According to the Ohio State University Extension, daddy longlegs use their mouth parts and claws to tear apart their prey. They’ve even been known to swipe a meal another pest had captured.

In feasting on these foodstuffs, harvestmen help control common pests outdoors. These nocturnal creatures make their homes under rock and wood piles, mulch, and other garden elements. The moisture contained in such dark spaces helps keep daddy longlegs hydrated and protected from the sun.

And while they prefer humid environments, these arthropods can thrive in deserts, and they live on every continent except Antarctica.

How Do Daddy Longlegs Mate?

Some female daddy (mommy?) longlegs are able to reproduce without the help from a male. But more often, the two sexes meet up for direct contact (unlike spiders who merely pick up the sperm sac a male lays down to fertilize her eggs and keep it moving).

The chivalrous type, the males of this species present a gift of food, which the female enjoys while mating. Post-copulation, the male will guard his partner until she safely deposits her eggs in soil or under rock or wood piles.

Upon the arrival of spring, the eggs hatch. To reach adulthood, the baby daddy longlegs go through six transitional phases, molting after each one.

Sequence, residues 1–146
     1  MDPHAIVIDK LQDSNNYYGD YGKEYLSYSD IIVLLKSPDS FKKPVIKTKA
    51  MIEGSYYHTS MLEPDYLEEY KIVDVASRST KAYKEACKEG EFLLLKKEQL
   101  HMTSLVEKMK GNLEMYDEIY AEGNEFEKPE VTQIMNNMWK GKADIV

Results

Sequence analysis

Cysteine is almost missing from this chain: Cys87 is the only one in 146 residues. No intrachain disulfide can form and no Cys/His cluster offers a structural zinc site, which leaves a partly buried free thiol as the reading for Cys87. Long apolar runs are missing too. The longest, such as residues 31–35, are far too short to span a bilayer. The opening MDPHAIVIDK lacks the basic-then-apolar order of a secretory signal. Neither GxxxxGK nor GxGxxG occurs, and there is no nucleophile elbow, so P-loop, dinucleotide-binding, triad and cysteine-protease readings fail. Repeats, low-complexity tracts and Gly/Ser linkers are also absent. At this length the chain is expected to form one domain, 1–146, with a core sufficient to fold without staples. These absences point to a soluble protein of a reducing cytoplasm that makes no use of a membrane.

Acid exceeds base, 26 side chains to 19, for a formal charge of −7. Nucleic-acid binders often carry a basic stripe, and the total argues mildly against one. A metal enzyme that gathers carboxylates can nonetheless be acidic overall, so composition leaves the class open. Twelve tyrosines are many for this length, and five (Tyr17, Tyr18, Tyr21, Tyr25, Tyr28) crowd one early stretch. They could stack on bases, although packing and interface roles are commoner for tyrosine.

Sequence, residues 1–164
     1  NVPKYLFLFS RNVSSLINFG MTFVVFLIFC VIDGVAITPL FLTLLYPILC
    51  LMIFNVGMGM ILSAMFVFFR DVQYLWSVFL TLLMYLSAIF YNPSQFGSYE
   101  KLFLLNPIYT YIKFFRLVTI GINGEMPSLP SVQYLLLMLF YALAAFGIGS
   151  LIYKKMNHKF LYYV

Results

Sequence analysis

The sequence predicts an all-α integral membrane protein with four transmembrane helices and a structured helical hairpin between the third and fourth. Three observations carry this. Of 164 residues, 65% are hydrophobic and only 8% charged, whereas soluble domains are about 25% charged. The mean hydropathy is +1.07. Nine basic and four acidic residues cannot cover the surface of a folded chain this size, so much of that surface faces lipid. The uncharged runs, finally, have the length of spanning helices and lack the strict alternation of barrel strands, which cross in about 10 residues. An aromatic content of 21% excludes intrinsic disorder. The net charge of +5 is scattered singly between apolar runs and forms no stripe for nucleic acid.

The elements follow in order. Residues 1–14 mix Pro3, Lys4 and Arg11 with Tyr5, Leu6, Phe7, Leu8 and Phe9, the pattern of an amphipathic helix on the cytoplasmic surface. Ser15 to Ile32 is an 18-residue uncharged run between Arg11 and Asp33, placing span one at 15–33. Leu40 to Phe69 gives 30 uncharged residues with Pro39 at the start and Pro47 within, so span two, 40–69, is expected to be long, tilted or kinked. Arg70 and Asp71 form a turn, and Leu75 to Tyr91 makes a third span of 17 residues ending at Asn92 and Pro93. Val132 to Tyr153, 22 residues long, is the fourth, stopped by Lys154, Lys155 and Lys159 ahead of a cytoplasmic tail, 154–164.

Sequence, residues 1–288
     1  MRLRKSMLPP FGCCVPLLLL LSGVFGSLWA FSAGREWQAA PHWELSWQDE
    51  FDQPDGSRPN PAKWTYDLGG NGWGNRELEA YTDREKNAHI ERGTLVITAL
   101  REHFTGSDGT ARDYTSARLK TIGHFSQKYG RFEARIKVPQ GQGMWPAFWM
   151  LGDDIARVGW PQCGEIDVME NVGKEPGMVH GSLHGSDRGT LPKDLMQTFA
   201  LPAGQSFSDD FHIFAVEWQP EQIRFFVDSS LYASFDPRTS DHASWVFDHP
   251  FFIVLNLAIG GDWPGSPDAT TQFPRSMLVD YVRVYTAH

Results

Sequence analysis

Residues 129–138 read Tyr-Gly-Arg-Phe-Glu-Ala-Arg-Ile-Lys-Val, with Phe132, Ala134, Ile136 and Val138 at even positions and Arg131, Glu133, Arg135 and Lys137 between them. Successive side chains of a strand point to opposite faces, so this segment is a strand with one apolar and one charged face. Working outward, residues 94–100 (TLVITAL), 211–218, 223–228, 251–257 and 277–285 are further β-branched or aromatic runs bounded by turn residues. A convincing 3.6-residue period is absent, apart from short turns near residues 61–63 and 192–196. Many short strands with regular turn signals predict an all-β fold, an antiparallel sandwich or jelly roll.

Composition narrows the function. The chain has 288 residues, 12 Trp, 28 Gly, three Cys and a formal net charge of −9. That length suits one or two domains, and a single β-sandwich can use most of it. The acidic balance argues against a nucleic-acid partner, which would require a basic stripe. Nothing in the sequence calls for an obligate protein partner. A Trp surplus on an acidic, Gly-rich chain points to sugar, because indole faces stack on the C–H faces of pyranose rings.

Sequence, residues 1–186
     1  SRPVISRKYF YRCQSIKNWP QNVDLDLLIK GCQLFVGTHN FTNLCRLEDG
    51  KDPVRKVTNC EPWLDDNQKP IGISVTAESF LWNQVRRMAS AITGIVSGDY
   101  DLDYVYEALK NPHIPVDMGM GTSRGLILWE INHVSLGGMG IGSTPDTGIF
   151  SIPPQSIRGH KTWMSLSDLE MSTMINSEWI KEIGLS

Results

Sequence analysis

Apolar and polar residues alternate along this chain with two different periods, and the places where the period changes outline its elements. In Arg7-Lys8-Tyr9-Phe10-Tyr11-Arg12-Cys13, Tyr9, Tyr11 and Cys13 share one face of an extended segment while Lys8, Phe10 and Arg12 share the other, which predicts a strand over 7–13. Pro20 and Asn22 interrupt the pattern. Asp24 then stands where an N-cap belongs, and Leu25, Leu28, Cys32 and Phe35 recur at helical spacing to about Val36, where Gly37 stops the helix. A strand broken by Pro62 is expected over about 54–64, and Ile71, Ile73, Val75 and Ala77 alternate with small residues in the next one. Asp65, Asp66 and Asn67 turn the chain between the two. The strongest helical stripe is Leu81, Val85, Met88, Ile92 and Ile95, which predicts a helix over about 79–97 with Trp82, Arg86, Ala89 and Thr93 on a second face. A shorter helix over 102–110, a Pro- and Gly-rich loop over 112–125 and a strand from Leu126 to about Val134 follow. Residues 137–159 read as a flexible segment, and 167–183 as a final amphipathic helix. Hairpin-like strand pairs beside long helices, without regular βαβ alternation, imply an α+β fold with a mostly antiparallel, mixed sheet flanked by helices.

“When preparing to molt, they hang upside down first pulling out the body then grabbing each leg with their chelicerae, pulling it out the new leg to free it,” explains the Colorado State University Extension. “Care must further be given to prevent the newly freed legs from sticking to each other until they sclerotize and harden, which may take hours.”

Once they reach maturity, these arachnids will continue to molt every 10 days. Most daddy longlegs have a lifespan of about a year, but in warmer climates, they can live up to seven years.

Should You Kill Daddy Longlegs in Your Home?

It’s super rare to find a harvestman in your home. Not only do they prefer life in the great outdoors, but they’re also most active at night, so you probably wouldn’t see any even if one did accidentally find its way inside.

Still, if you do happen upon a harvestman, it’s best to let it be. Not considered pests, these arachnids are harmless to people and pets and beneficial to the environment.

You can help return daddy longlegs to their rightful place by picking them up and placing them outside or gently sweeping them outside with a broom.

Save your pest fears for much scarier fare: venomous spiders, bed bugs, cockroaches and snakes. If you have an infestation of any of these, a pest control expert can help you.

Main Photo: Daddy longlegs / Rison Thumboor from Thrissur, India / CC BY 2.0

Andréa Butler

Andréa Butler

Descendant of the Fulani tribe, Gettysburg-obsessed Marine Corps brat, and lover of all things writing and editing, Andréa Butler launched Sesi magazine and has penned articles for sites, such as LivingSocial, Talbot Digital, Xickle, Culturs magazine, and Rachel Ray. Andréa holds a B.A. in English from the University of North Carolina at Greensboro and an M.A. in magazine journalism from Kent State University.